Venus began her passage with a dance, shaking her hips, trailing ribbons of brightly colored gases, putting on a celestial show that reflected the joyous lives of her inhabitants.  The Venusians looked down in great anticipation at the Earth.  To their surprise and dismay, they saw a scarred, polluted planet.  Worse, the Earthlings were not even looking up at Venus, because they were too busy killing each other.  Even worse, no music came from Earth.  The Venusians shuddered in horror.

In the eight years between that first transit and the second, the Venusians feared that the violent Earthlings might plan to blow Venus straight out of the sky with a giant killing machine on her second pass.  The day of the second crossing, some Venusians hid in their basements or in specially built shelters.  Some gathered in groups to prepare for the annihilation.  But most simply strained to get a glimpse of what was going on down there on Earth.  As Earth came into their line of sight, the anxious Venusians saw that, while some Earthlings were still pillaging the planet and killing each other, many, many more were doing something they had learned during Venus’s previous passage: they were making music.  What’s more, they had invented something new by setting words to music, which had never been done on Venus.  The Earthlings were so excited to communicate with their neighbors that they had even made signs in honor of the Transit of Venus.  Astronomers held diagrams detailing what they’d learned about the solar system from observing the first Transit.  Painters held up lovely likenesses of their neighboring planet.  Children raised their hands and waved.  “They did notice us last time!” exclaimed the Venusians, and waved back enthusiastically.  The wise old women simply smiled and said nothing.  And everyone rejoiced.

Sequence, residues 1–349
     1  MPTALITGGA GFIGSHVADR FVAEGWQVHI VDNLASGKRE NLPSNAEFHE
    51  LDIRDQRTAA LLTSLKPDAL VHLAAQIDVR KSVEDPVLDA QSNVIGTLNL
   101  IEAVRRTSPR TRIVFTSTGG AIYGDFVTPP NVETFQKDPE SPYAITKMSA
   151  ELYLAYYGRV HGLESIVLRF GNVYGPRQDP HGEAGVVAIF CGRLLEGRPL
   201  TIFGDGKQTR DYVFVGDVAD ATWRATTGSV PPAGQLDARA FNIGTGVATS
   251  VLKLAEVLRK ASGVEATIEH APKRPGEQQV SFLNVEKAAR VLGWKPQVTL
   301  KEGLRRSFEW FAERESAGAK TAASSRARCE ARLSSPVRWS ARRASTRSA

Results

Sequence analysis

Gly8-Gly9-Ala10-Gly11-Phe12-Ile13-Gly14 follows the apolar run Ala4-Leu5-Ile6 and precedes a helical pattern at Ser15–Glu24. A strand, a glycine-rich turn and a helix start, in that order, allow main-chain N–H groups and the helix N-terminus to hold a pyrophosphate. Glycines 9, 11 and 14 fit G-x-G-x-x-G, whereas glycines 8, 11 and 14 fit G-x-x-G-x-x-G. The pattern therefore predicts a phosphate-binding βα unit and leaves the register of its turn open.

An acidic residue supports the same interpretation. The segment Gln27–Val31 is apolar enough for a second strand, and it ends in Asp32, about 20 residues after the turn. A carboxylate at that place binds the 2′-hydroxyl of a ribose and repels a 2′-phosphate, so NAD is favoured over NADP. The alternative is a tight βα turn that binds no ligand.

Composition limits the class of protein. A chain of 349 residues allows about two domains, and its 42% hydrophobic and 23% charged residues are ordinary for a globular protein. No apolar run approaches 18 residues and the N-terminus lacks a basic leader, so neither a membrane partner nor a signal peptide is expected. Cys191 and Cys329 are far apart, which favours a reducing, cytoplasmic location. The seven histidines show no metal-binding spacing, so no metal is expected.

So every century, as the two planets observe each other under the Sun’s benevolent beaming gaze, we celebrate the power of music to keep violence at bay, to bring out our better selves, and to unite people across cultures, languages, and some 261 million kilometers of space.  In honor of this sacred day, we have prepared a special performance of songs with words by some of Earth’s greatest songwriters – performed with decidedly Venusian flair – to celebrate the art we have created together in the spirit of peace and interstellar understanding.


Poster by D’Arcy Bertrand